Legal-ease: Home working considerations

The responsibilities of both employer and employee when considering home working arrangements

When exploring home working, and considering whether the role itself is actually suitable for this, an important first question needs to be whether the employee has an appropriate area for work. If the employee is going to work for prolonged periods from home they should have a permanent work area. Ideally this should include a desk, office chair, laptop, telephone line with access to the internet, printer and lockable storage cupboard. You will then need to decide who will pay for the equipment and may need to discuss this with the employee.

Working from home can be difficult. Not all employees are suited to this as they need to be able to manage their own time effectively and maintain their motivation and self-discipline. It can also be lonely at times and maintaining a team atmosphere often takes more work on the part of the employer. Employers need to ensure home workers are included in events, team building activities, training and communications to prevent isolation.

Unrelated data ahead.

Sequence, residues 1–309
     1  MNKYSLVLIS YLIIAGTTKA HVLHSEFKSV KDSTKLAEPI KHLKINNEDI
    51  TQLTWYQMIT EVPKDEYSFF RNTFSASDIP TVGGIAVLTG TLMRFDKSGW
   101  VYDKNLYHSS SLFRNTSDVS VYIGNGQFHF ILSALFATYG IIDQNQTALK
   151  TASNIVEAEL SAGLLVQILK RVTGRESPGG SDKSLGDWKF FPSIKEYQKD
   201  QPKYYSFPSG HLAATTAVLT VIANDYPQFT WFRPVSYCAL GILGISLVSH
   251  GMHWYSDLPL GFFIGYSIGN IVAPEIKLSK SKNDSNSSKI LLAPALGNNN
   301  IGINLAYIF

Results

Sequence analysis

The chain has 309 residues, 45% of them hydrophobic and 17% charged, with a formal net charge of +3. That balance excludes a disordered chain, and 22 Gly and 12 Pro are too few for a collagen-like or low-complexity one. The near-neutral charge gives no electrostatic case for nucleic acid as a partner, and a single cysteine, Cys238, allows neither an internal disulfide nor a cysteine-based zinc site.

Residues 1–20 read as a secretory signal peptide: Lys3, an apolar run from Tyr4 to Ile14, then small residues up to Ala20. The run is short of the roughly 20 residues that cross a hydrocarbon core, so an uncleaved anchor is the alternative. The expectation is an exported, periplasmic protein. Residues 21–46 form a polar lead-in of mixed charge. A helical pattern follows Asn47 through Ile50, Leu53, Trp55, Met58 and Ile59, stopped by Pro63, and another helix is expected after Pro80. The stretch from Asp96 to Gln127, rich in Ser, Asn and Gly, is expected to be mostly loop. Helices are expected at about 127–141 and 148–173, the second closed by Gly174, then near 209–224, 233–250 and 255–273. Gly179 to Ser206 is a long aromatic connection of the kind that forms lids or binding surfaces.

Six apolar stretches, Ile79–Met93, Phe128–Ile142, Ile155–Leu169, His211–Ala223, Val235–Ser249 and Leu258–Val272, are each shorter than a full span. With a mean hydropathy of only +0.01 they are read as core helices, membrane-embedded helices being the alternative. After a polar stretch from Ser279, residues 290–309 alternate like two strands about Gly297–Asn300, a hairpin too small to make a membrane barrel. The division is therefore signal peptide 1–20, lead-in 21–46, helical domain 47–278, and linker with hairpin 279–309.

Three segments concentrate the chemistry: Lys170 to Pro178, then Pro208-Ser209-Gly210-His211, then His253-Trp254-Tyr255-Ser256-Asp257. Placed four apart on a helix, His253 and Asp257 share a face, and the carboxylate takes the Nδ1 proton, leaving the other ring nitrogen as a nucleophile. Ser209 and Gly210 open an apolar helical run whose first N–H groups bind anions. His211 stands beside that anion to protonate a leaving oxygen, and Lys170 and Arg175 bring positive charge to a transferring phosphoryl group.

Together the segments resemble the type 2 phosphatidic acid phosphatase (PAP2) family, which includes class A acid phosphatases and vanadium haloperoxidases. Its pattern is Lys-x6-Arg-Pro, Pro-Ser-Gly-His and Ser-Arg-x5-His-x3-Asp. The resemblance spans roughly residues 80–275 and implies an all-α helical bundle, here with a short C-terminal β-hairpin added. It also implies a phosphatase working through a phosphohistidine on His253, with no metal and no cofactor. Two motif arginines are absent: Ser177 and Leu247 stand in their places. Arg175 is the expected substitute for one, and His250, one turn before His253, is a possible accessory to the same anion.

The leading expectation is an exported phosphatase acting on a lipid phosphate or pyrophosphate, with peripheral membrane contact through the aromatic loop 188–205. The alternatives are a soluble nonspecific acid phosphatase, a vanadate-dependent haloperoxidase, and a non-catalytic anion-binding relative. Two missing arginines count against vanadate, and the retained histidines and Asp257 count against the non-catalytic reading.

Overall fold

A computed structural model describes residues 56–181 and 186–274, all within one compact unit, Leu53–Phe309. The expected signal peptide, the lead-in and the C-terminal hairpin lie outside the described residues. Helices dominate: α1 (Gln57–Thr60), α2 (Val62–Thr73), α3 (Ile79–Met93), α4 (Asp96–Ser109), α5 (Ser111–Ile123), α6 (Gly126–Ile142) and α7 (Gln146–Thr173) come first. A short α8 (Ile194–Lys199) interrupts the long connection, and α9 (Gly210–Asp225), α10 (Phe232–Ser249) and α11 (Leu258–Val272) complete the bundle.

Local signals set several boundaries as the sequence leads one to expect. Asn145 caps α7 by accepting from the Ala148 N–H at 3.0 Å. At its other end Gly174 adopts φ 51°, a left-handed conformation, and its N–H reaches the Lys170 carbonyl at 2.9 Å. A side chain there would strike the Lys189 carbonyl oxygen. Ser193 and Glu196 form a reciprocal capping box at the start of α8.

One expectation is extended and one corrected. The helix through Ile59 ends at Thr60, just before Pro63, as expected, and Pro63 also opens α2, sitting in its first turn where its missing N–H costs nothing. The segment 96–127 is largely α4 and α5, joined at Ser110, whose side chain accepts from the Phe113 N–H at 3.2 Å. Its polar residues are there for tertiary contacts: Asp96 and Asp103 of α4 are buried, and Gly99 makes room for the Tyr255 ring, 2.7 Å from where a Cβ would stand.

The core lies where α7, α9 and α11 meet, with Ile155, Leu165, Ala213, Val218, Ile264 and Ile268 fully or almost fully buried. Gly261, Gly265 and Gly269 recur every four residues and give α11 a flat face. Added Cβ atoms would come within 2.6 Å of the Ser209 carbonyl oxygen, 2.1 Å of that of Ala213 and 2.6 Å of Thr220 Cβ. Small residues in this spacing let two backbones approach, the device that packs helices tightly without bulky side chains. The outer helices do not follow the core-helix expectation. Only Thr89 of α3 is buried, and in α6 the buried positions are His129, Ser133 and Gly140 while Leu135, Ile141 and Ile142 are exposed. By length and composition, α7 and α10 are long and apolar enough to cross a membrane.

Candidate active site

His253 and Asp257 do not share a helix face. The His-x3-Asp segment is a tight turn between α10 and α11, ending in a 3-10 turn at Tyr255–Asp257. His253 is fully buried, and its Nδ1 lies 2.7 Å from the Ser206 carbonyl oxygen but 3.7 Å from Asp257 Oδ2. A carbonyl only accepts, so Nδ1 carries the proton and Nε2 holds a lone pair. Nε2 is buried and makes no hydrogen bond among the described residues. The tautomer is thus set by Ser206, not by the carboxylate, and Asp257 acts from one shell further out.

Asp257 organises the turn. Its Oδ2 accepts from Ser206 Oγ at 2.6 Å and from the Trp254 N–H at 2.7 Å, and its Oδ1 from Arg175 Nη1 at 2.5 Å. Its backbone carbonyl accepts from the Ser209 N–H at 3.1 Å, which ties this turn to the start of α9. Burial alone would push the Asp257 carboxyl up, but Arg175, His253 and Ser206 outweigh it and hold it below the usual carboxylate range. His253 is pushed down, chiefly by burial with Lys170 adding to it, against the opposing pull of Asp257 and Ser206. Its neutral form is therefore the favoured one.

Employers can be liable for personal injury claims from employees when they work at home. It is therefore prudent to carry out a health and safety assessment. Employees can carry out their own ergonomic workstation assessment, with assistance, and complete a questionnaire regarding such issues as tripping hazards, electrical equipment testing and fire alarms. Employers can request photographs of workstations for company records to ensure compliance and to provide evidence that procedures have been carried out.

It is advisable to agree certain parameters in advance of employees working from home. This ensures that they know what is expected of them and can prevent issues in the future. For example, the employee might be required to be available to work and answer calls between 9am and 5pm every day and cannot decide to start at 10am one day and ‘make the time up later’.

Outline any supervision tasks that need to be undertaken such as time sheets, records and any other requirements. The employee should know who their line manager is and when they are supposed to communicate with them. If the employee has to attend the office at any time this should be set out in advance.

To achieve the benefits of home working, while ensuring risks to the business are minimised, employers need to put in this groundwork before the arrangements commence.

Sarah Dillon is a director at ESP Law, provider of the HR Legal Service